Superheroic Leadership Vol. 1 No. 5 – Know Your Team

Superheroic Leadership Vol. I * No. 5

Know Your Team

Superheroic Leadership is a light-hearted examination of what superheroic figures have to teach about leadership and what I have learned from their adventures.


Mark Waid is a terrific comic book writer. Wickedly intelligent, possessed of an encyclopedic knowledge of the genre, abundantly talented, Waid has written almost every main character for both DC and Marvel of which casual fans would know. He has written some amazing storylines and he has contributed to the myth of many characters.

One of those characters is Batman.

Waid wrote Justice League in the late 1990s and early 2000s and he penned some terrific stories. One of those stories, Tower of Babel, added to Batman’s reputation in an immeasurably– defining the character to this day. It made such a lasting impression, it was adapted into the DC Animated Movie Justice League: Doom.

In the story, a group of villains break into the Batcave computers and discover Batman has been creating plans to take down each-and-every member of the Justice League should that ever become necessary. The villains use these highly effective plans against the League and, though the team eventually succeeds in defeating them, the heroes look at Batman differently from that moment forward.

Art for the story was provided by the terrific Howard Porter.

Batman respects his teammates. He knows their strengths and weaknesses. He knows that they might, someday, need to be confronted and challenged. Is it incredibly cold hearted that he has devised plans – in advance – of how to deal with them if they go rouge? Of course it is, but he is Batman, after all.

The leadership lesson here is not to keep files of those you lead and know how to defeat them. You are not Batman, after all.

No, the lesson is to know those with whom you work. Know their strengths. Know their weaknesses. Know that, even if they are close colleagues – and *gasp* perhaps even friends – there may come a time when you have to confront them, challenge them, disagree with them.  There may come a time when knowing your colleagues weaknesses is an important part of your leadership and as important as knowing their strengths.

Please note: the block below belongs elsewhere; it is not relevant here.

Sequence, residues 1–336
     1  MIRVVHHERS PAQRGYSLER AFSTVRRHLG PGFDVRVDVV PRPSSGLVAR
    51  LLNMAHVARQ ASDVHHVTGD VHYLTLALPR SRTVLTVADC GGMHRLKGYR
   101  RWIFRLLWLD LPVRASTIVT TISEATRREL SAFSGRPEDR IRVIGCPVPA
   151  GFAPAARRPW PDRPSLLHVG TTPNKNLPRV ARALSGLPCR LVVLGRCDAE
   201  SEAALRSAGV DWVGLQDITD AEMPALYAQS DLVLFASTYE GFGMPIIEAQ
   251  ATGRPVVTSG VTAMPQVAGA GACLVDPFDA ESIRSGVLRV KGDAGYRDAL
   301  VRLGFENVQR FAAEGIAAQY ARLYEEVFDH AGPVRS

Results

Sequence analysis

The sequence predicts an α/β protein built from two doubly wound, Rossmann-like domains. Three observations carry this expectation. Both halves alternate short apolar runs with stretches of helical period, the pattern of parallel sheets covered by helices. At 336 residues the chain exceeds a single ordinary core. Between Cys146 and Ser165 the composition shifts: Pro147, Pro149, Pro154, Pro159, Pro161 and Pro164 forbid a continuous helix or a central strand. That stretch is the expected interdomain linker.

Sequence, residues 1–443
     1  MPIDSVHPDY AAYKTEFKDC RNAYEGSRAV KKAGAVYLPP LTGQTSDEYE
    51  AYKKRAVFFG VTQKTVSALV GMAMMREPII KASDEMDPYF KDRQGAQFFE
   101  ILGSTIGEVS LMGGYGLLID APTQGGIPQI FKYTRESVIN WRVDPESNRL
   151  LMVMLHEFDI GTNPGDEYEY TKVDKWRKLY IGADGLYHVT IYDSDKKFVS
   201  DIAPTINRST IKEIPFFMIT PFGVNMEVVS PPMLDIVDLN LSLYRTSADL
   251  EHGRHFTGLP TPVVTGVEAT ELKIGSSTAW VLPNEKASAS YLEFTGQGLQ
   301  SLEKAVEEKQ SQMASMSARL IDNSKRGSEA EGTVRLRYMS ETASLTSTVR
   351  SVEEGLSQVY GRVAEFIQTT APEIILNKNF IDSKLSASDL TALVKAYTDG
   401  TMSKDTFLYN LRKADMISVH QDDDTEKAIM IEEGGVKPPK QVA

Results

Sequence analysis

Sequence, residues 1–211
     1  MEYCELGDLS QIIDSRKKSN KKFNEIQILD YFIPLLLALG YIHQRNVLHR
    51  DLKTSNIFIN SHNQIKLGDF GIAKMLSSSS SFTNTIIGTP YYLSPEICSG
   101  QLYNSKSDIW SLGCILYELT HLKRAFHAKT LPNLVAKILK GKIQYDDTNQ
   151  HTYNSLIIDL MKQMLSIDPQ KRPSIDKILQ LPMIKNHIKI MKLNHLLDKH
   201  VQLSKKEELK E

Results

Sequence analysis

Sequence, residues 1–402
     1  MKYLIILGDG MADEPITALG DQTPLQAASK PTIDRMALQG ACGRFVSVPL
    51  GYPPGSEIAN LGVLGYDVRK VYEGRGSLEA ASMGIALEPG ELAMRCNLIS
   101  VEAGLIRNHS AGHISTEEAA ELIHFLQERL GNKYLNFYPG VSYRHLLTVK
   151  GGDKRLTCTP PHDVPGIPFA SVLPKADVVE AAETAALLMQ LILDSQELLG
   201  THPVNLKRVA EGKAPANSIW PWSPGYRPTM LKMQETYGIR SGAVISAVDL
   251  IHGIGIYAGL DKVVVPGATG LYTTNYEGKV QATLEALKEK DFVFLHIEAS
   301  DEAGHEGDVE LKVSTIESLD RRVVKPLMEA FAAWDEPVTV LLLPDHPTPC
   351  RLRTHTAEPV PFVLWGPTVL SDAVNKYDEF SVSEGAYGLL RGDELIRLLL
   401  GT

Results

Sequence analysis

When you are a leader, developing the leadership of those around you is a critical part of the work. Knowing how to help those around you grow and overcome their weaknesses is a significant leadership tool. Additionally, knowing how not to put people into situations that will defeat them – situations that are beyond their abilities – is just as important.

Know your team. Know their capabilities. Know how to put them in the best positions to succeed.

And know you are not Batman!

Superheroic Leadership Vol. 1 No. 2 – What’s So Funny about Truth and Justice?

Superheroic Leadership Vol. I * No. 2

What’s So Funny about Truth and Justice?

Superheroic Leadership is a light-hearted examination of what superheroic figures have to teach about leadership and what I have learned from their adventures.


They say that Superman is a hard character to write. This is a common mantra among those who follow the Man of Steel. He’s too clean cut. He’s too powerful. He’s too good.

He’s boring, especially in the context of the “real world.”

In the 1990s and early 2000s, anti-heroes were all the rage, heroes who did not force themselves to adhere to moral codes, heroes who would cross any line to serve their vision of justice. The X-Men, exemplified by their banner character Wolverine, were an example of this. The Authority was a team of almost omnipotent characters who were brutal and violent and just. Even the Avengers were recharacterized in this fashion in an alternate universe book called The Ultimates.

How does Superman fit into this world?

Not well.

But Joe Kelly, Doug Mahnke and Lee Bermejo presented a story in Action Comics #775 that underscored why Superman IS Superman.

In this landmark issue, Superman is confronted by a group of “heroes” calling themselves “The Elite.” These characters kill their adversaries, relish in their power and complain that Superman is hopelessly behind the times. They blame him for all the damage caused by villains the Man of Steel has left alive, villains who inevitably escape prisons and wreak havoc on the world. They say Superman is afraid to do what is necessary to protect the world.

Staging a televised showdown with the Elite, Superman appears to unleash violence as only he can, appearing to kill each member of the team (though he secretly saves each right before their “death” using his super speed) and terrifying both the Elite and the world, illustrating the evils of violence unchecked and power uncontrolled. As only Superman can, the hero reclaims the high ground, reaffirms his commitment to his moral code and has the world cheering for him in the process.

What’s so funny about truth, justice and the American way? Nothing.